There are some photos. They aren't great but, at the very least, they prove we were there. We very much enjoyed our experience as guest speakers in this class at the University of Windsor. It was a great platform for us to further raise awareness and educate others about people with Down Syndrome. Now...I will tell you all what I told them, a disclaimer of sorts (I believe there were a few disclaimers before the chat started):
I am by no means an expert on Down Syndrome, I am only an expert on Hazel. We set forth to share information that could be helpful to those who are interested in learning more about DS. This information is solely based on our personal experiences with Hazel, and what we have learned so far.
The students were very interested to hear about some of the challenges Hazel has had to face with her health. After elaborating on Duodenal Atresia and her VSD, SHOCKED is a more accurate description of some of the facial expressions I saw as I scanned the crowd.
We went on to discuss the milestones that she has mastered and the ones she is working on next. More importantly, we talked about their futures. The future doctors, occupational therapists, physiotherapists, nurses, teachers and where ever else the wind may blow for these students. We tried our best to give an accurate description of what we expect as parents in any of these fields when dealing with a baby that has special needs.
We tried to create an environment of empathy and compassion, hope and positivity. All qualities that are important to me as Hazel’s mom. These are all qualities that Hazel’s therapists have. We went through some specifics about Hazel’s therapy.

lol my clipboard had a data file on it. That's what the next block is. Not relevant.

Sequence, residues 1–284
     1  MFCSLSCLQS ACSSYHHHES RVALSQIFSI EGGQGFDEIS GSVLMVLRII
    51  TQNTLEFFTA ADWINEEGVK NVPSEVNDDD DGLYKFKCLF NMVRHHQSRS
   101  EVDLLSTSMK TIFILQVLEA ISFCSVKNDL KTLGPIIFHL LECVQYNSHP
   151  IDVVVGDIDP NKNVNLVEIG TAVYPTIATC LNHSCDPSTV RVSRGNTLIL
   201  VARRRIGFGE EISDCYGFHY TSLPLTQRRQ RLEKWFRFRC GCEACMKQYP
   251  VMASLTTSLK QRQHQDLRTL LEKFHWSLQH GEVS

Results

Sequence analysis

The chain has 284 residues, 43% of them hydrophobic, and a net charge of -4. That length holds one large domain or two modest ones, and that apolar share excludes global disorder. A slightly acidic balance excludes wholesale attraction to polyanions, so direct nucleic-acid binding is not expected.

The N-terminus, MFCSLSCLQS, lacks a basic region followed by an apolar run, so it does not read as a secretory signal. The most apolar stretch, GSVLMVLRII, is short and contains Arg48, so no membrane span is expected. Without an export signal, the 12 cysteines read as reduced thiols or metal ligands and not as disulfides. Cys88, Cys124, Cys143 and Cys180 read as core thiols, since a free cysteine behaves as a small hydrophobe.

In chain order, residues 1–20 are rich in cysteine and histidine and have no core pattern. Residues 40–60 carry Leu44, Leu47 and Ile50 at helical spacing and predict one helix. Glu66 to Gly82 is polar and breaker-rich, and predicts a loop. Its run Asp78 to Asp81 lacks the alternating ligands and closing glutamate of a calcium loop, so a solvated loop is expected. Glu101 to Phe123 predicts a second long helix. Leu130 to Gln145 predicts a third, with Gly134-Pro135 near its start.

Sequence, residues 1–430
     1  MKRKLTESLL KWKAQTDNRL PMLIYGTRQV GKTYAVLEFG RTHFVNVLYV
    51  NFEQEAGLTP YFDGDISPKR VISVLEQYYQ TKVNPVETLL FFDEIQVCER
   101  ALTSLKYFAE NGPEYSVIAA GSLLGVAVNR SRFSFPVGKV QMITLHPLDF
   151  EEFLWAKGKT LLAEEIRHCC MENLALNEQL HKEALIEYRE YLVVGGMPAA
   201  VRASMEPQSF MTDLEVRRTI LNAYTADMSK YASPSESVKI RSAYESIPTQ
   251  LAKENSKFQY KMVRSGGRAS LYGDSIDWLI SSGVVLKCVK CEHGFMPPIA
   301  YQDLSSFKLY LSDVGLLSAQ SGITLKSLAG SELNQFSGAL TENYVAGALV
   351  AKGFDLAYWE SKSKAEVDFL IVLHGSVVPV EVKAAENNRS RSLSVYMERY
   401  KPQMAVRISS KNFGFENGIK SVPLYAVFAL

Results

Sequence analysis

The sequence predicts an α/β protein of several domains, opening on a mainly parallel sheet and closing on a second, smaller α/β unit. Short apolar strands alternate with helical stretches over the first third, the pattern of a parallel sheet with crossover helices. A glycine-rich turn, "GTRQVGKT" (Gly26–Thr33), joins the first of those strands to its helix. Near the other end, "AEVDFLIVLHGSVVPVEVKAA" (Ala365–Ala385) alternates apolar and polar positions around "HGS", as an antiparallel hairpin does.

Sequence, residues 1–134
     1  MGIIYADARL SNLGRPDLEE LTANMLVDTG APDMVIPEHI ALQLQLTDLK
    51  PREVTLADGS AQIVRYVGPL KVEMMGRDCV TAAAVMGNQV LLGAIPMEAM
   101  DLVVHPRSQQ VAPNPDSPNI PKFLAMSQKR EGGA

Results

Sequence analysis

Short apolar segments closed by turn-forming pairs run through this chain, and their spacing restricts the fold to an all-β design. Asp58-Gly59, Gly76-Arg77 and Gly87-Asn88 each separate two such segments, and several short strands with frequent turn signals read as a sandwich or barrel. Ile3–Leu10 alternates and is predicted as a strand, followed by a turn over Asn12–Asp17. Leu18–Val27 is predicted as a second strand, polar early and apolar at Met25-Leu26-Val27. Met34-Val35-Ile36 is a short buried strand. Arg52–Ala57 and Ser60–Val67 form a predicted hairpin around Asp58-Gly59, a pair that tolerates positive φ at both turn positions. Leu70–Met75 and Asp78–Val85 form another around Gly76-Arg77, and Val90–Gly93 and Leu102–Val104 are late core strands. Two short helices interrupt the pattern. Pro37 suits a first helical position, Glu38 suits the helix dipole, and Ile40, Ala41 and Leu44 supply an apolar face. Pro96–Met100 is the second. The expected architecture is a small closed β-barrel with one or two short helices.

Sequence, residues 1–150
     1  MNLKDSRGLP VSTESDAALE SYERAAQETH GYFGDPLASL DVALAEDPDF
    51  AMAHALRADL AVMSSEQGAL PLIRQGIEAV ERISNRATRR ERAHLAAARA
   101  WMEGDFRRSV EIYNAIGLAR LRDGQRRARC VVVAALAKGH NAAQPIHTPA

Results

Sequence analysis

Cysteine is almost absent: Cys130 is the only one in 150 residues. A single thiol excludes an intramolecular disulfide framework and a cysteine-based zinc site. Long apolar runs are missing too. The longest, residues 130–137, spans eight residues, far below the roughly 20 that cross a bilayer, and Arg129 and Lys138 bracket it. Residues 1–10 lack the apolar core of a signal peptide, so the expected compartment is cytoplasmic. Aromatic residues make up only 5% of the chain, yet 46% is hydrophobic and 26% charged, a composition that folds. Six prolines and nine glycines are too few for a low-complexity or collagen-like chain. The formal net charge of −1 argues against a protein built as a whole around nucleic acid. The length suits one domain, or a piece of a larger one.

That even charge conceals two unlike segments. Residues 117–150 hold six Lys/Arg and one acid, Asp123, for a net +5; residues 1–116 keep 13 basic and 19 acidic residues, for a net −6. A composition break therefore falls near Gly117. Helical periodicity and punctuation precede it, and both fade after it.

We tried to foster thinking “outside-the-box” and being “open-minded”, when assessing a child that is a little different. Not all children with DS are the same and accomplish the same things at the same time. Just as with any child.
We cautioned the consumption of negative information about DS that can be found on the Internet. I tried to give some positive, helpful resources to help them to educate themselves and others.
I explained OUR role in the DS world – to ADVOCATE and EDUCATE and ultimately, aid in societal ACCEPTANCE!!!
I have to share 1 part of the presentation here with you all. You are all such faithful, loyal, accepting supporters of Hazel. You will SO get this about her…
(this is actually on the PowerPoint presentation)
So…Is our girl WEAK?
- Down Syndrome
- Surgery at 28 hours old
- Failure to thrive
- Congestive heart failure
- Open heart surgery at 5 months old
Low muscle tone maybe…but WEAK is not in her genes!!!
Thank you so much Professor Martindale for providing and allowing the opportunity to celebrate our daughter and educate those that may just be part of her successes in the future.
Grateful for this experience,
Enjoy your Monday